September 25, 2006 7:35 AM PDT
British Library calls for digital copyright action
In a manifesto released on Monday at the Labor Party Conference in Manchester, the United Kingdom's national library warned that the country's traditional copyright law needs to be extended to fully recognize digital content.
"Unless there is a serious updating of copyright law to recognize the changing technological environment, the law becomes an ass," Lynne Brindley, chief executive of the British Library, told ZDNet UK.
Digital rights management (DRM) technologies and licensing agreements currently can impose restrictions on copying content that go beyond the requirements of copyright law. This needs legal clarification, according to the British Library.
"DRM is a technical device, but it's being used in an all-embracing sense. It can't be circumvented for disabled access or preservation, and the technology doesn't expire (as traditional copyright does). In effect, it's overriding exceptions to copyright law," Brindley said.
The British Library hopes to protect statutory exceptions and fair dealing, which enable libraries to make and preserve copies of content, and make them available for research purposes and for disabled people.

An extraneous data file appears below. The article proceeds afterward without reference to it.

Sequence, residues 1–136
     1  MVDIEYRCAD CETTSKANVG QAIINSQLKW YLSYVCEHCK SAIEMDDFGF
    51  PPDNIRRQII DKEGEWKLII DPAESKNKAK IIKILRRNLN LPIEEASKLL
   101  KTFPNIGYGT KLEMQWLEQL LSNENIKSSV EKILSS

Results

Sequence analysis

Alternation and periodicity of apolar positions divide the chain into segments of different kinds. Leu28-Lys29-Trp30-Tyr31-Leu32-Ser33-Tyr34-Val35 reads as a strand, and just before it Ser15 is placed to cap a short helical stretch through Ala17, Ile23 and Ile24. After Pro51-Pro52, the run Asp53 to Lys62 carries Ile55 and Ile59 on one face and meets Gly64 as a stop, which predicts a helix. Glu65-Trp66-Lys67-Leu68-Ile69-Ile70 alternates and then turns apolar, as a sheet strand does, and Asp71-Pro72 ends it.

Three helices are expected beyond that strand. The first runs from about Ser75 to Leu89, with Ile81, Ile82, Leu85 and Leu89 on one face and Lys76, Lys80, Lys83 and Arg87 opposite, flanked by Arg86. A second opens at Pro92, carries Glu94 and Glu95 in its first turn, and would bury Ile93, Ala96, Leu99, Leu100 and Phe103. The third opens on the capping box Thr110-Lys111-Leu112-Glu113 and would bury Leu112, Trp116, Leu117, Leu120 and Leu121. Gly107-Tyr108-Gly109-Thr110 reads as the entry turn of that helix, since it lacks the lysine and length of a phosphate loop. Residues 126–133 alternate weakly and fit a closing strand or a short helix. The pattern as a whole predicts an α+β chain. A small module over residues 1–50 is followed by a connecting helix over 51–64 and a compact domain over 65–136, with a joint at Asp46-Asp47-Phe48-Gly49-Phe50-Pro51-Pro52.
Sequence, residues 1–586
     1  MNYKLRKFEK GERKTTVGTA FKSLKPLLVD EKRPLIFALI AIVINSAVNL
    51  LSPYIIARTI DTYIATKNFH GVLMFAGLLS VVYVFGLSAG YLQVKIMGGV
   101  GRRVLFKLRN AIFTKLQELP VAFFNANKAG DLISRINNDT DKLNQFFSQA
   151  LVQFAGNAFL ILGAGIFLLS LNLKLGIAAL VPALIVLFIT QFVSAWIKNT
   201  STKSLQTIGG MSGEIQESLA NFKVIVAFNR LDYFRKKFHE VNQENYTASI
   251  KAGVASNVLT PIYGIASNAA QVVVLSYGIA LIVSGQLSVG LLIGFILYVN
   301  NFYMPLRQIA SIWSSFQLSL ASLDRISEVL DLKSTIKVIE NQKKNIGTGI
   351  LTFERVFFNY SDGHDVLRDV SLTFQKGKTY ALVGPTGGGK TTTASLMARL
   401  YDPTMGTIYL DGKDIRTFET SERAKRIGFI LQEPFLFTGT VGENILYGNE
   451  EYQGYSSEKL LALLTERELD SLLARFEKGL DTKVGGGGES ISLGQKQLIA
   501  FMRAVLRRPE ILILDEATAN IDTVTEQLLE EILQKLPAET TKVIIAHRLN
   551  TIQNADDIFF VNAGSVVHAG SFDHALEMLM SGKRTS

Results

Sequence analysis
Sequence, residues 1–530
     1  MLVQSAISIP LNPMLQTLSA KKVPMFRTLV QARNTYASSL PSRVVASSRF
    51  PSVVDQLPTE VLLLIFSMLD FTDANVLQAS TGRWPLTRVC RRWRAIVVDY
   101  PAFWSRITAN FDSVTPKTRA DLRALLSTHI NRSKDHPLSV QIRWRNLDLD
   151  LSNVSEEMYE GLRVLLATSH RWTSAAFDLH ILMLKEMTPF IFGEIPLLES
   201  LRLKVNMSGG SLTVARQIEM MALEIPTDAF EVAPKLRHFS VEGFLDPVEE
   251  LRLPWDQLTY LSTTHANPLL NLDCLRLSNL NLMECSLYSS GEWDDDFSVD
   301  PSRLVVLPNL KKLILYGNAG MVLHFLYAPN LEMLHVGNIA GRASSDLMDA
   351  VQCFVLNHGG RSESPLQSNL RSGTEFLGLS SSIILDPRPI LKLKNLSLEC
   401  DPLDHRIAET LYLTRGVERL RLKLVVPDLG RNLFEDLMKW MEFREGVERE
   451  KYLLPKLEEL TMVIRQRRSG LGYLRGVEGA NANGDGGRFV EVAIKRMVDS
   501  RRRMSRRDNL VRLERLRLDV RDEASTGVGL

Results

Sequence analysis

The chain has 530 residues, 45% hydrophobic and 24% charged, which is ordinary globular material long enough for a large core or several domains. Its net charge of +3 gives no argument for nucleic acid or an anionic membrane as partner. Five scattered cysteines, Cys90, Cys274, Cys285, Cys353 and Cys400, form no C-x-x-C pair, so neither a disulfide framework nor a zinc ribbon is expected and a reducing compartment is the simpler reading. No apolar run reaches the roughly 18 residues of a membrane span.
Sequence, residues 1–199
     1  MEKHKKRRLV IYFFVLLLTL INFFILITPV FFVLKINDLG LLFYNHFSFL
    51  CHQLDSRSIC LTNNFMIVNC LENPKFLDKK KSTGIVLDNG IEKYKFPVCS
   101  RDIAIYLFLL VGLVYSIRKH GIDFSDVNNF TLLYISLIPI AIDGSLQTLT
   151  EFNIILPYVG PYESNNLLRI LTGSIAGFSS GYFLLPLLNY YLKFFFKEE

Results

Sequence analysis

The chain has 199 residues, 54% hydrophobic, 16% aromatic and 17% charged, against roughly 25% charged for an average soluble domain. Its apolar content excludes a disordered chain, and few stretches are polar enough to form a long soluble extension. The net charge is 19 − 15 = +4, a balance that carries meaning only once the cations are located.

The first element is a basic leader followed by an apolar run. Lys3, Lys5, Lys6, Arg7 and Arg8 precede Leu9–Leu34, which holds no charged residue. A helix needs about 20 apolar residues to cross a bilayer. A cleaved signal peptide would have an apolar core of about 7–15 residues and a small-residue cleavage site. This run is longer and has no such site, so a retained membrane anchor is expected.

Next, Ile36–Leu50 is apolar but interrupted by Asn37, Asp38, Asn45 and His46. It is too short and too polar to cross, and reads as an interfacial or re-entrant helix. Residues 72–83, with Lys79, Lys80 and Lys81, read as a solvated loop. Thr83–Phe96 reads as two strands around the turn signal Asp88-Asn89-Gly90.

"This is a global, international issue," Brindley said. "We have to have the same balance as in traditional print. We are seeking a triage ensuring creators are rewarded but also that the public good is served."
The Open Rights Group, a digital civil-rights organization, said it "whole-heartedly supported" the British Library's call for a clarification of copyright law.
"One of the key problems is that the limitations and exceptions to copyright law are being ignored by business, which is imposing restrictive licenses on digital content," Suw Charman, executive director of the Open Rights Group, told ZDNet UK.
Charman said DRM restrictions could be particularly damaging for academic research.
"If a library carried a printed journal, academics and students could photocopy it. Digital journals have restrictions on access, which is a dangerous road to go down," Charman said. "If we allow companies to create their own licenses, we undermine copyright law. If we say contract law is more important than copyright law, it allows publishers to write whatever license they like, which is what is happening now."
The British Library said it hopes to play a leading role in moderating the debate between those who wish to make copyright law more restrictive and those who wish to radically reform it.
The British Library also called for the question of "orphan works"--content whose rights holder is hard to find--to be addressed.
"There's an enormous amount of material locked up because we can't trace the copyright holders," Brindley said.
Tom Espiner of ZDNet UK reported from London.
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